Comic Book Review – Superman: Secret Identity

What would you do if you woke up with the Man of Steel’s powers?

“Maybe I had a “secret identity”, but then when you think about it, don’t we all? A part of ourselves very few people ever get to see. The part we think of as “me”. The part that deals with the big stuff. Makes the real choices. The part everything else is a reflection of.”

Clark Kent

Meet Clark Kent, but not the one you’re thinking of. The son of David and Laura Kent, this shy, quiet farm boy (named after the much more heroic character who only exists in comic books) spends most of his time typing on his typewriter, going for private walks in the forest at the edge of town and avoiding bullies who use his name as bully ammunition which apparently never gets old.

After another uneventful day of attending school and receiving the day’s obligatory Superman themed taunts, Clark walks out into the woods to be alone with his thoughts, stopping at a clearing to lie on his back and look up at the stars. He falls asleep under the clear, bright sky but soon awakes to find himself no longer lying on the hard ground but floating in the air…just like Superman. Eventually, after some experimentation, Clark discovers he has all the powers of Superman, a seemingly comical and ironic twist of fate.

During a Halloween carnival in which Clark is dressed up as Superman, an explosion is set off putting civilians in danger; he leaps into action, lifting a steel beam and saving his friends but quickly falls into a media trap and finds himself face-to-face with dozens of reporters, cameras flashing. Faced with a sudden identity crisis, Clark pretends to stumble and drops the beam, claiming his strength to be an adrenaline-fueled fluke. He decides that while saving people in secret is a good use of his powers, the world isn’t yet ready for the emergence of a real-life Superman, and neither is he…

Superman Secret Identity

On the face of it, Superman: Secret Identity has a fairly simple premise; a boy mocked for having Superman’s name end up with Superman’s powers and tries his best to be a hero in a world where superpowers shouldn’t even exist, but it is so much more than that. Superman: Secret Identity works as a narrative describing the life and troubles of a teenage boy coming to terms with himself and his forward leap into adulthood all the way through to his old aged years. Each issue explores another stage in his life, profiling his powers, relationships and insecurities both human and super, be it finding a relationship, finding a job he can enjoy or finding the strength to put his personal life at risk to save others.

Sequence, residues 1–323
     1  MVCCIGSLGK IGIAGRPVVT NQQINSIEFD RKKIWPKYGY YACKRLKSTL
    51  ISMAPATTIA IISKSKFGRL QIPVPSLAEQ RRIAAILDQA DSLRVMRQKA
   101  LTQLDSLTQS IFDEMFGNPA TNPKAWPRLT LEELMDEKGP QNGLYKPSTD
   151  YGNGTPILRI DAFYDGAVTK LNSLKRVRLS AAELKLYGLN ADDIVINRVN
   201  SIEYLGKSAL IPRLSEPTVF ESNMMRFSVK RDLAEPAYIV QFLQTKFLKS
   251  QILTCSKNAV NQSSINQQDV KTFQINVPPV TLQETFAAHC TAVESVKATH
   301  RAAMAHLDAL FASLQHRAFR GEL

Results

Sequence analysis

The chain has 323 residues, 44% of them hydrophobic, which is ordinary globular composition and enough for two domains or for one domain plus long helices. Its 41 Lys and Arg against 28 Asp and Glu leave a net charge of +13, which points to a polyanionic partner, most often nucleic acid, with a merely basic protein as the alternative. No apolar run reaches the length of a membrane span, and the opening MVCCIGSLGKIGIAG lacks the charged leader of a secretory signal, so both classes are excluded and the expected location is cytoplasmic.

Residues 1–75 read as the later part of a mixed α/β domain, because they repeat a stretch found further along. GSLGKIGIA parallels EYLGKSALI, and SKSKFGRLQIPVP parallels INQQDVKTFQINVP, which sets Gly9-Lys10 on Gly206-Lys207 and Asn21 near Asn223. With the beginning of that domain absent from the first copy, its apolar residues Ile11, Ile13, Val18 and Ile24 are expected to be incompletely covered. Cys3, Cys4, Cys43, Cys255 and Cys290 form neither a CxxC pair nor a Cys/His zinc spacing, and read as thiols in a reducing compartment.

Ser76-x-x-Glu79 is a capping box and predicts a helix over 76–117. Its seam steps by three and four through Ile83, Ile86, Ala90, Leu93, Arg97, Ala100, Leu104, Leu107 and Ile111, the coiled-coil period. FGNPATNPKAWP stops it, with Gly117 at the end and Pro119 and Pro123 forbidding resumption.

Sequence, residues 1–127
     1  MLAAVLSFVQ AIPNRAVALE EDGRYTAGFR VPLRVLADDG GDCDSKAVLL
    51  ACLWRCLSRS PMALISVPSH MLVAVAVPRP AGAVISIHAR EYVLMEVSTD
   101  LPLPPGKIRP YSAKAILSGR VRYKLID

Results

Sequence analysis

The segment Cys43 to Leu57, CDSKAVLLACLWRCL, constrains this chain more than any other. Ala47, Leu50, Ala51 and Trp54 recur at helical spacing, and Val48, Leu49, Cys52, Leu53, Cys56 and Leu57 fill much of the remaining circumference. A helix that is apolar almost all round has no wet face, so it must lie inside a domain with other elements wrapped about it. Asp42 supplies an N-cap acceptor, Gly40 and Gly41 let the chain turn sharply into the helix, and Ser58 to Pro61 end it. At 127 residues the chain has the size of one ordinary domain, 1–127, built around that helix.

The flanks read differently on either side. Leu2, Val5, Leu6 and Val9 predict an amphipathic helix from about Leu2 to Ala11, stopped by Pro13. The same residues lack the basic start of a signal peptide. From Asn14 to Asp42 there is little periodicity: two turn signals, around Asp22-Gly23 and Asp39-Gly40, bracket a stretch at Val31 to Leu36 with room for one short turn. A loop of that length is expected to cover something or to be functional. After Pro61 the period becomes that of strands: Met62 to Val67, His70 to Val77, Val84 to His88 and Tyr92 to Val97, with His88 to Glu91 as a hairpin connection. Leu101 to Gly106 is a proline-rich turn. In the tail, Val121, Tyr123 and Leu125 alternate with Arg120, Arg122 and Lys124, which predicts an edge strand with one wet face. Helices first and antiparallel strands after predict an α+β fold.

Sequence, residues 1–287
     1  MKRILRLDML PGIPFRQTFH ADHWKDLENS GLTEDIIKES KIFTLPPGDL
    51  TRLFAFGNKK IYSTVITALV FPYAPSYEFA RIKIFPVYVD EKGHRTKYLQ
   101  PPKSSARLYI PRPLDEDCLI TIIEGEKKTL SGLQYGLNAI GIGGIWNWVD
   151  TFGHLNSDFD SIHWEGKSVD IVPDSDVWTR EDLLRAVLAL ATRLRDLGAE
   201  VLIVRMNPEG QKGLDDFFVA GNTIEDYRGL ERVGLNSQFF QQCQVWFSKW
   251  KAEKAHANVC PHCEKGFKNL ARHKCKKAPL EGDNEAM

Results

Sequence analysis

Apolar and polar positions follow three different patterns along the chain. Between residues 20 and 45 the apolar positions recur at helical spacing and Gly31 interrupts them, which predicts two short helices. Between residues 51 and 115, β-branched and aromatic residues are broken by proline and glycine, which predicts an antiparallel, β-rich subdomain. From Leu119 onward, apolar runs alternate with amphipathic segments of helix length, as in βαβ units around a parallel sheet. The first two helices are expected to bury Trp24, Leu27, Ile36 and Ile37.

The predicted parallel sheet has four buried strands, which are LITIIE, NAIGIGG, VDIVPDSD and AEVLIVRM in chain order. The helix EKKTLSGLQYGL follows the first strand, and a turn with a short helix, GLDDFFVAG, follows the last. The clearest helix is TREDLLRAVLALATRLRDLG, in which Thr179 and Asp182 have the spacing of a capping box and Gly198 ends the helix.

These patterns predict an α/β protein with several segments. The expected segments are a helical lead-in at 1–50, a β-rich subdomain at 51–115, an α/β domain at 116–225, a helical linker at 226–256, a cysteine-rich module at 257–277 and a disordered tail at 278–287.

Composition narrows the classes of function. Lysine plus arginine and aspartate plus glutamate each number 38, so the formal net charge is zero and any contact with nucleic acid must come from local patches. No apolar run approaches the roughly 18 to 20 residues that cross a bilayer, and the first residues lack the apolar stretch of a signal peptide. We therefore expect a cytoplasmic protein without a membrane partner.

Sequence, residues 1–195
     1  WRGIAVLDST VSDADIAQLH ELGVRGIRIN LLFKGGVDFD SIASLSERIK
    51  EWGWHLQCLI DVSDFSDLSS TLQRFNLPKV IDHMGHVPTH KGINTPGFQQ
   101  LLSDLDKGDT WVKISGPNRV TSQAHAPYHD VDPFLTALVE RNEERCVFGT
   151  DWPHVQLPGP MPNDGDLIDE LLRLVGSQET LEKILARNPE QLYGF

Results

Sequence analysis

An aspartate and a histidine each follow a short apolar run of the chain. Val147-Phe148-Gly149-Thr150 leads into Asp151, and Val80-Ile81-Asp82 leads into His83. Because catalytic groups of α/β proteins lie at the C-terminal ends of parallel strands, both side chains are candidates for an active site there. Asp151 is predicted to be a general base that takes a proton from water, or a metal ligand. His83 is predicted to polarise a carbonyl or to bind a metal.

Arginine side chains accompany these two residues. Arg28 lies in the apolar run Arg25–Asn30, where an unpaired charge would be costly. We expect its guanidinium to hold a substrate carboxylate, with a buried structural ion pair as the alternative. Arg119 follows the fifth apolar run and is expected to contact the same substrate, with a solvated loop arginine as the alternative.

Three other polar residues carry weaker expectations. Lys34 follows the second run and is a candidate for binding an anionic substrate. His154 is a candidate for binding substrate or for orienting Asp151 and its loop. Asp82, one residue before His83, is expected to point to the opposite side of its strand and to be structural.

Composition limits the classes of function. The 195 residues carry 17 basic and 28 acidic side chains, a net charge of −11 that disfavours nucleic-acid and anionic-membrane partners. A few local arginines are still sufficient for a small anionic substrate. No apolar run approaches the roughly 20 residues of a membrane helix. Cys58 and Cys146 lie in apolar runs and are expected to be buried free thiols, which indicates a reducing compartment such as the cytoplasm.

Kurt Busiek, who has written for characters from nearly all major comic book publishers, does an amazing job of creating characters who are not only believable but also feel relatable in their normality, while the artist Stuart Immonen (who has drawn major characters for both DC and Marvel) has a bold and realistic style which helps to ground the series.

Pros/Cons! Pros: original story, great script, nice pacing, realistic artwork. Cons: some plot holes.

One thing that needs to be said for this story is that you need to have a reasonably open mind when it comes to plot conclusions, as it seems quite a few people aren’t entirely happy with the whole “is it a coincidence or not that he has the same powers as Superman?” explanation (which I won’t spoil here). That being said, I wholeheartedly recommend this to anyone and everyone who has the time to spare.

All in all, for anyone who has never read a Superman story, this is a great place to start as long as you know the rough origin story and powers of the Man of Steel, and for those who have had the pleasure of reading Superman comics, this will be a fresh look at the life of a Clark Kent outside the usual scope of the DC Universe (without being just another retelling through the Elseworld’s imprint).

Superman Secret Identity Cover

Issues:(also available as a Graphic Novel)

Genre: Superhero / Drama / Slice of Life

Age Rating: Teen (13+ )

Publisher: DC Comics

So what do you think? Have a think and let us know in the comments section below.

– Isaac




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